When I look back at the things I wrote more than a year ago with the idea that time makes pain an easier burden to carry in mind, I could almost be mad at myself for not believing it then. Of course it makes sense that in the early days of grief (and even for a whole year afterwards) I couldn’t even imagine a time when I would care about anything at all ever again. But the wise mothers, years out from their loss(es), who were a guiding light for me then, would have every right today to tell me, “I told you so”. (Obviously they would never do that.)
I have been feeling more at peace (or calm?) lately than I have ever felt before about losing Odin. It almost makes me sad to say that, but only almost. I realized this when I was having brunch with a couple of my loss mom friends last weekend. We were talking about how when we are in large groups of happy people we feel the most alone. L1 described feeling like a ghost around some of the people who she used to be closest to and even around her own family. And I can completely relate to that feeling. It’s awful. When the people who you’ve depended on your whole life; people who have known you for years or even decades just don’t seem to see you anymore it is devastating. And there’s really nothing you can do about it. It’s no one’s fault, it’s just part of the fallout and a secondary thing to mourn on top of the devastating loss of your baby. During that conversation, though, it occurred to me that the last few times I had been with large groups of people I hadn’t felt as isolated and I didn’t imagine screaming and running away. For many many months after we lost Odin I couldn’t sit at my in-laws’ dinner table with the family for a meal because it was just too much. Too much mindless chatter. Too much laughter. Too much noise. I would inevitably end up in tears and have to excuse myself. But the last time I was there, I got through the meal and felt okay. I still have a very low threshold for small-talk but aside from that unavoidable part of any family gathering, I realized that at the last wedding we went to (which was in May) I genuinely had fun. L2 talked about how her therapist suggested that to cope with social situations she “not bring everything [her experience]” with her. And I offered that at this point in my grief journey it’s less of an active choice to bring my baggage with me into a social setting whereas before I had no control over it. I used to be handcuffed to a massive bulging suitcase that sat in my lap and I couldn’t even see over it — now it feels more like a purse that I can hang on the back of my chair. At least most of the time anyway.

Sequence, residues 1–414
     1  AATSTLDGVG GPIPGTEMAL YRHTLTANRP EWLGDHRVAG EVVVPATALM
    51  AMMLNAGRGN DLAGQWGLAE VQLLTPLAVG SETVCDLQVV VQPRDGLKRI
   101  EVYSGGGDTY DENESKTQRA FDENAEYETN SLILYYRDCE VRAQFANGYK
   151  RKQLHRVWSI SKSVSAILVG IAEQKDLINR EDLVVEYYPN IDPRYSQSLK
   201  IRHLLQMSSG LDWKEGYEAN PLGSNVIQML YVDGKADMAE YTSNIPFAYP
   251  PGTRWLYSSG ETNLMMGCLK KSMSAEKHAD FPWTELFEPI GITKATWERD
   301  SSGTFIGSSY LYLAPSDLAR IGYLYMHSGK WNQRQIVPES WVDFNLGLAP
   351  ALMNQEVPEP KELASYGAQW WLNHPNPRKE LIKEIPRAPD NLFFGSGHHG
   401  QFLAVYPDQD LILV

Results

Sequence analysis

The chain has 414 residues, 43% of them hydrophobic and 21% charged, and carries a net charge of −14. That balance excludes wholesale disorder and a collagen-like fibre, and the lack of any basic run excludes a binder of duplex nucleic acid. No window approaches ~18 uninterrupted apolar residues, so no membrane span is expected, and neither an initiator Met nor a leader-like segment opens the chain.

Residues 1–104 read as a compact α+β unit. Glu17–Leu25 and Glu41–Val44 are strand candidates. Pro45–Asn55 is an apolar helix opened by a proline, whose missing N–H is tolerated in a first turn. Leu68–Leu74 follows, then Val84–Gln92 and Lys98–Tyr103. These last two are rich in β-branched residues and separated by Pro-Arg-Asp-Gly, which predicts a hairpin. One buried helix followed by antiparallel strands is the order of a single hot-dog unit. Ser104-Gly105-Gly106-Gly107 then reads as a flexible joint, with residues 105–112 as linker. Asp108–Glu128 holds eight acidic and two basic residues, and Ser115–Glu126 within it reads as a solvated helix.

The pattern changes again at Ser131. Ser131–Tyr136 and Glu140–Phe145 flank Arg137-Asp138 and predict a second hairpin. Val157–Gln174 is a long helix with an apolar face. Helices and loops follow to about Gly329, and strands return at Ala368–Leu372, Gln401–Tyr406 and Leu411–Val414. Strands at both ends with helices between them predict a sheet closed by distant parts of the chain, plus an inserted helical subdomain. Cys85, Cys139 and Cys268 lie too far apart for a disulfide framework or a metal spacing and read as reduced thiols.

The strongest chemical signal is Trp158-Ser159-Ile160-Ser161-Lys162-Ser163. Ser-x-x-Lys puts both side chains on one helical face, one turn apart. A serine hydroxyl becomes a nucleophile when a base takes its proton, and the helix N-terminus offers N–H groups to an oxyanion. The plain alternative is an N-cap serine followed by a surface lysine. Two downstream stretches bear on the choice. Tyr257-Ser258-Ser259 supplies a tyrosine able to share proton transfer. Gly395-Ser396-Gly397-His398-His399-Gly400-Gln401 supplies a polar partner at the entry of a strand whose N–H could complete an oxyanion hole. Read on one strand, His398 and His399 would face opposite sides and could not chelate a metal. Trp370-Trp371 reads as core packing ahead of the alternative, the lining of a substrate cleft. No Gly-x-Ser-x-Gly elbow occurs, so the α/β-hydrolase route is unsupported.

This is not to say that I am cured! Oh boy. This is, after all , The Longterm Project. One of my fears about “healing” is giving people permission to treat me like I didn’t live through the most horrible thing imaginable. I think that’s why it is hard (for me) to admit progress out loud. Giving the impression that I’m “over it” is terrifying. So even though I probably don’t need to, I’m going to give in to my paranoia and reiterate that there is no getting over this. Even a couple of nights ago I cried while N was playing the piano. He definitely plays some songs that tug at my heartstrings but that night it was the simple fact that Odin would never hear N play that made me incredibly sad. And I expect those moments to come for the rest of my life and I welcome them with an open heart.
And so, despite my resolve to hang onto my sadness (because it used to be the only way I felt connected to Odin), I feel like I’m just a little bit more capable of looking forward. Losing Odin has taught me that there are very few things in this life that we can control. But what I can do is imagine a future where Odin is still at the forefront of everything we do for as long as we are here to do it. I can live in a way that honours his memory and keeps him in my heart always. I can do things that would make him proud. And until my last breath I can be sure that he remains, as always, our beloved son.